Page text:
Making the French surrender in the same rail car

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demonio
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Making the French surrender in the same rail car

Post by demonio » 22 Jun 2003 12:27

Making the French surrender in the same rail car that Germany surrenderred in in WW1. Can the knowledgable members please tell me how this made Top Nazi's feel and also how good it felt to march through the arc de triomph and also how humiliated France was at both the train car and the l'arc de triomph.

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Gen. Erwin Rommel
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Post by Gen. Erwin Rommel » 22 Jun 2003 13:17

When Hitler knew the Invasion plans were working in the perfection and France would be defeated for sure, i heard that he nearly cryed with the hapyness, i think for everybody in germany at the time, this was the final victory over the French, the revenge for all the humiliations

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Kelt
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Post by Kelt » 22 Jun 2003 19:25

I expect they did it because it made them feel good about themselves.

I expect the French were humiliated.

I'm not sure what the purpose of your question is.

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Zapfenstreich
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Post by Zapfenstreich » 22 Jun 2003 19:36

I always thought Hitler's treatment of the French was one of his greatest blunders of the war. Had he treated France honorably he could have turned her into a valuable ally and denied Britain a base of operations. Instead, he stripped her of territory and dignity. In short, he committed the same mistake the Allies did with Germany through the Diktat of Versailles. He was more intent on wreaking revenge than he he cared about the future.

A professional gambler I once knew told me, "Always leave a man some of his money and all of his dignity." I'm afraid Adi screwed the pooch on that one.

Z

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Tom Houlihan
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Post by Tom Houlihan » 22 Jun 2003 21:07

I always thought Hitler's treatment of the French was one of his greatest blunders of the war. Had he treated France honorably he could have turned her into a valuable ally and...
Exchange France with any of the other countries Germany walked over, and you can see why they lost!!!

demonio
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Post by demonio » 23 Jun 2003 00:36

Kelt wrote:I expect they did it because it made them feel good about themselves.

I expect the French were humiliated.

I'm not sure what the purpose of your question is.
The purpose of the question is to get a feel for what the feelings they were experiencing having beat France and rid themselves of the harsh
Versailles treaty.

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Skanderbeg
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Surrender and the Rail Car

Post by Skanderbeg » 23 Jun 2003 02:01

And I believe that the car was taken to Berlin, put on display & destroyed during Allied bombing sometime late in the war. Can't remember where I ran across that tidbit.

Kephra
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saloon carriage of Compiégne was destroyed in Crawinkel

Post by Kephra » 23 Jun 2003 08:16

Image
Image
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Compiégne 06/21/1940

The saloon carriage of the Rethondes/Compiégne armistices was destroyed with explosives by SS-Gebirgsjäger [elements of 6.SS-Geb.Div., if I remember right] at the end of the war. The exact location seems to be Crawinkel - a little village located in the Thuringian Forest not far from Ohrdruf and Arnstadt.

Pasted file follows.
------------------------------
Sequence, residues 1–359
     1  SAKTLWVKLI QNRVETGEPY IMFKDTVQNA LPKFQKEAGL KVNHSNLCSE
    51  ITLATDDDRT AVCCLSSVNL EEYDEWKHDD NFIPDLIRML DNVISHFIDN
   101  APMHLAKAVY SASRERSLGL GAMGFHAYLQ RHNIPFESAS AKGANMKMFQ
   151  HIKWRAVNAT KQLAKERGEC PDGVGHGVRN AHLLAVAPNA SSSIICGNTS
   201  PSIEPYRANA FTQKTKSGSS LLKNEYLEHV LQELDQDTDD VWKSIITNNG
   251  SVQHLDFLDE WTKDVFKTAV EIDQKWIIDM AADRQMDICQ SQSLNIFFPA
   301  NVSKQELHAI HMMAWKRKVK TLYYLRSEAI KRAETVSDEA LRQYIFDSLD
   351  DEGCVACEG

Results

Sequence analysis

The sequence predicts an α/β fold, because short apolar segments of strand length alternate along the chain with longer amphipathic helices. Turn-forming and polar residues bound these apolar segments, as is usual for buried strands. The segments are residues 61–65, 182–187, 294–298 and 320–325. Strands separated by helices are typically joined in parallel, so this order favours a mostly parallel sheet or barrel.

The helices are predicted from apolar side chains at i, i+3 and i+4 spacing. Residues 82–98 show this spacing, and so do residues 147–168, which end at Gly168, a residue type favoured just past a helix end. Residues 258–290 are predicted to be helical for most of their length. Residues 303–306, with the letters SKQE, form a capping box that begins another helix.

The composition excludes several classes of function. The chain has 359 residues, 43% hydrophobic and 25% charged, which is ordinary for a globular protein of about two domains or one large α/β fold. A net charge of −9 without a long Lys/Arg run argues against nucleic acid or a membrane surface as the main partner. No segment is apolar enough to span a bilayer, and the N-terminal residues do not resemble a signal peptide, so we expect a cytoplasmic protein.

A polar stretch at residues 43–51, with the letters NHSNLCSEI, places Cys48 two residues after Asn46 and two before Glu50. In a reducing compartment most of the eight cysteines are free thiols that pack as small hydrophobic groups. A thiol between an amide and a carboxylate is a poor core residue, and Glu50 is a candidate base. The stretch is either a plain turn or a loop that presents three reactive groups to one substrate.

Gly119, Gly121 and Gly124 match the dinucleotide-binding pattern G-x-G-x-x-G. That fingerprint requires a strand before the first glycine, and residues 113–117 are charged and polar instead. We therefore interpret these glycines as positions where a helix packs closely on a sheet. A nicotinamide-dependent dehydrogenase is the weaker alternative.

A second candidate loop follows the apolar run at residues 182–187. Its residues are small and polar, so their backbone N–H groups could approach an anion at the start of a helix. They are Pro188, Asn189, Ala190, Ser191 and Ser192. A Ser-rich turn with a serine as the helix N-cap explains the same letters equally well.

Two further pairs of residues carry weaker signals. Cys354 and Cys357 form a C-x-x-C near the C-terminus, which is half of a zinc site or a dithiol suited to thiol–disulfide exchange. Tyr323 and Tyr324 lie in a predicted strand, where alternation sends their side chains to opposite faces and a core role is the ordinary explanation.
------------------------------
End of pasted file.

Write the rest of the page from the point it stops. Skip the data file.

This is often mantioned in articels and books about Jonastal (an assumed Nuclear- and Intercontinental Rocket Research Center), because the fact, that this highly valuable carriage (for emotional and propaganda reasons), was hidden there, is seen from some authors as another hint showing the impotance of the area for the Hitler regime in its last days.

for Jonastal-project look at: http://ssp-exploration.de/the_jonastal_project.htm
[...]The other example is as follows: in 1993 the "Direction des Archives et de la Documentation" was entrusted with the case of a German man from Lübeck, M.H., who was undertaking to return the bronze handles of the Rethondes Armistice saloon carriage, which his father had rescued from a fire in 1945. In June 1940 in Compiègne Hitler took possession of this saloon carriage, in which the Armistice of November 11th, 1918 had been signed, in order to sign the armistice of June 1940 in it. Later, in the last months of the war, the carriage was taken on Hitler's orders to an ammunition depot in a forest in Crawinkel near Ohrdruf (Thuringia), and left on a siding.

As Allied troops advanced, the carriage was set on fire and blown up. M.H.'s father, who at this time lived in the vicinity of Ohrdruf, heard of the incident and went to collect the bronze handles. He told no one about them and looked after them with great care. When his son visited him after the war, the father asked that he return the relics to France at some stage because of their great historical value. Three years after reunification M.H. was able to take possession of the handles. In 1993 he first suggested returning them to France. The handles are about 136 cm long, weigh 10 kg and are fastened to two pieces of wood which show signs of fire. After mediation by the Foreign Minister the handles were handed over to the Army Museum in April 1994.[...]

http://www.dhh-3.de/biblio/bremen/treasures/france.html
Gerhardt Remdt/Günter Wermusch: "Rätsel Jonastal - Die Geschichte des letzten "Führerhauptquartiers", Heinrich-Jung-Verlagsgesellschaft mbH Zella-Mehlis/Meiningen 1998, p.62ff. [ISBN 3-930588-38-2]

[...]

Der Wagen von Compiégne

Den letztgültigen Beweis dafür, daß Spitzen der Reichsführung, trotz Hitlers Ablehnung und offenbar auf einen Gesinnungswandel des Führers hoffend, tatsächlich planten, in der Region um Arnstadt/Ohrdruf ein Mini-Deutschland zu etablieren, liefert wohl die Überführung des Salonzuges von Compiégne nach Crawinkel. In diesem Wagen war am 11. November 1918 der Waffenstillstand zwischen Frankreich und Deutschland geschlossen worden. Es hieß, die deutschen Unterhändler hätten damals lange in Nässe und Regen vor dem Wagen warten müssen, bis Marschall Foch geruhte, sie zu empfangen. Zweiundzwanzig Jahre später, am 21. Juni 1940, wurde im Wald von Compiégne und in demselben Salonwagen wieder ein Waffenstillstand unterzeichnet, doch waren die Rollen getauscht: Auf Marschall Fochs Stuhl hatte nun Hitler Platz genommen. Zu Hitlers Leidwesen herrschte indes das schönste Juniwetter. Dann traf die französische Delegation ein, und Hitler geruhte, Marschall Petain aufzufordern, ihm gegenüber Platz zu nehmen.